Who’s who: Islington librarian Adenike Johnson on austerity, ‘street corner universities’ and growing up in Highbury
PUBLISHED: 18:46 12 October 2018 | UPDATED: 18:46 12 October 2018
Meet the Highbury-born library boss who represented the borough in Parliament. She spoke about the huge range of services on offer at Islington’s ‘street corner universities’, from taekwondo to help claiming Universal Credit. The Gazette found out more.
When Adenike Johnson isn’t shelving books, she’s championing Islington in Parliament.
Adenike, who goes by Nike (pronounced “Nikki”), manages Lewis Carroll Children’s Library, in Copenhagen Street, and West Library, in Bridgeman Road.
Her career spans back to 1997, when she started working for Camden Council. She switched to Islington five years ago, but jokes that she’s “still one of the new girls”.
“One of my favourite things about working in Islington’s libraries is the massive diversity,” said Nike. “No two days are the same and the other thing I really love about this job is the difference we can make to people’s lives.”
Asked how the two libraries differ, she said: “Lewis Carroll is a brand new purpose built library so it’s really gorgeous, clean and easy to access.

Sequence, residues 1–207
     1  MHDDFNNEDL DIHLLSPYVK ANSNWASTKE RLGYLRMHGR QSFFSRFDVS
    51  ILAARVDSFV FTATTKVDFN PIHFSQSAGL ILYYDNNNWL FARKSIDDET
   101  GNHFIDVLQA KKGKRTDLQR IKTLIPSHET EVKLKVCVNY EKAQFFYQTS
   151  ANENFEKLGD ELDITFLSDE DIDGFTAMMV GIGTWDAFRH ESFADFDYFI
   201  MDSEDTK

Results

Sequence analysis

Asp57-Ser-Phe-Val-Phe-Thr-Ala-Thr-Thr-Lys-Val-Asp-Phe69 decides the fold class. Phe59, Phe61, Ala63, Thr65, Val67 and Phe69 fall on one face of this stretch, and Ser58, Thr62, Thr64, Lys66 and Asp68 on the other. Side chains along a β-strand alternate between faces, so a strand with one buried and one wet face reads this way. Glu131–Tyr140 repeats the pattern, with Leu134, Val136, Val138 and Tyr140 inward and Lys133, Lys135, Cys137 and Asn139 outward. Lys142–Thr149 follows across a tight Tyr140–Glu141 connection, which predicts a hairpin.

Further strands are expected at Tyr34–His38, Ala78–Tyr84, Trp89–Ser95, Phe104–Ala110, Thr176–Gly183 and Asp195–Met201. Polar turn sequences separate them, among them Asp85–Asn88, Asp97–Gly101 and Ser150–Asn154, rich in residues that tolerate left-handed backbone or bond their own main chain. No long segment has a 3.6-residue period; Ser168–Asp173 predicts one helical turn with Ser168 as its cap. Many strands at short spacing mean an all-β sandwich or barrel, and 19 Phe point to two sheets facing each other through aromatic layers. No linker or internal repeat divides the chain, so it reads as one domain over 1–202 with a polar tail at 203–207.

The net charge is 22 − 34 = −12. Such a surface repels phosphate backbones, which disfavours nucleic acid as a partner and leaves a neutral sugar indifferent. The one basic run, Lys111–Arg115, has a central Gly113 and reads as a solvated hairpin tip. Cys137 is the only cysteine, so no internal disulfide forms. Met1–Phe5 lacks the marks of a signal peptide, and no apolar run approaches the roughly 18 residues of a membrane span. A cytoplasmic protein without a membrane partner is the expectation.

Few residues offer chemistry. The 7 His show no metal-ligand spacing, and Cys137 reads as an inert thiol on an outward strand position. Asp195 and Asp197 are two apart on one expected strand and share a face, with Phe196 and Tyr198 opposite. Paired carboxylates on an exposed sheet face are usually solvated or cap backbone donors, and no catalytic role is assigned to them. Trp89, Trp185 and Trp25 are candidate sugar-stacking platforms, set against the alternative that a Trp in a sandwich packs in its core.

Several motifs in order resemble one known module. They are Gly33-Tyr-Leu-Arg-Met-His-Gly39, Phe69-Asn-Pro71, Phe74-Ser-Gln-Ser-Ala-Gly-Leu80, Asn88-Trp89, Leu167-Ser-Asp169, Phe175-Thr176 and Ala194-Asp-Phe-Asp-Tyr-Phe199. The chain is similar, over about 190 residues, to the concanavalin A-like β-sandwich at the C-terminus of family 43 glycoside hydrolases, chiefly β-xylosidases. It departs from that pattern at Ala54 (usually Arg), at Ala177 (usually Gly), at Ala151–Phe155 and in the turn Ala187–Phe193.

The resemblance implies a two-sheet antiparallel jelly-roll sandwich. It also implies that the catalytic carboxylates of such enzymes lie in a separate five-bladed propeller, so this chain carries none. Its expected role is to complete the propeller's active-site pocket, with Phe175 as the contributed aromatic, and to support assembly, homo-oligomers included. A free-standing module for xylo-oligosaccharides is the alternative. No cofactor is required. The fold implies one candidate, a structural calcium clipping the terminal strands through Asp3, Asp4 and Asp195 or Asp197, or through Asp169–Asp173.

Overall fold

“But West Library is a really beautiful old Carnegie build that’s been around since 1907 – and I have a wood burning fire in my office.”
Andrew Carnegie was an American steel tycoon and philanthropist who helped bankroll five libraries in the borough.
“The demographics are quite mixed because in Islington we get people who are wealthy and people who don’t have a lot of money living side-by-side.
“We also get different demographics because West is one of three dedicated children’s libraries in the borough, whereas Lewis Carroll is on the border with Camden.”
Nike, who was raised in Liverpool Road and went to Highbury Quadrant Primary School, represented Islington in Parliament on Tuesday.
It was part of the annual Library Week, whose theme this year was wellbeing.
“People are really isolated,” said Nike, “especially old people, so libraries are their lifeline.
“In my library we have an exhaustive list of things for the community, from dance classes and live music once a month, to children’s clubs, writing classes, dominoes, baby bounce, cooking and taekwondo – there’s more to libraries than some people think.
“One of our key things in Islington is, despite ongoing budget constraints, we want to make libraries the cultural hubs of our communities and for them to be street corner universities.
“We are one of the few local authorities that still has all our libraries open and we staff them with fully-trained workers.”
Nike, who has a Master’s in information management, said volunteers are “great” but not the same as having fully qualified staff.
She added: “We are also trying to support people with Universal Credit because more and more of it is online.
“We also help people with job searches. Come into a library – there are so many things to help you change your life around.”
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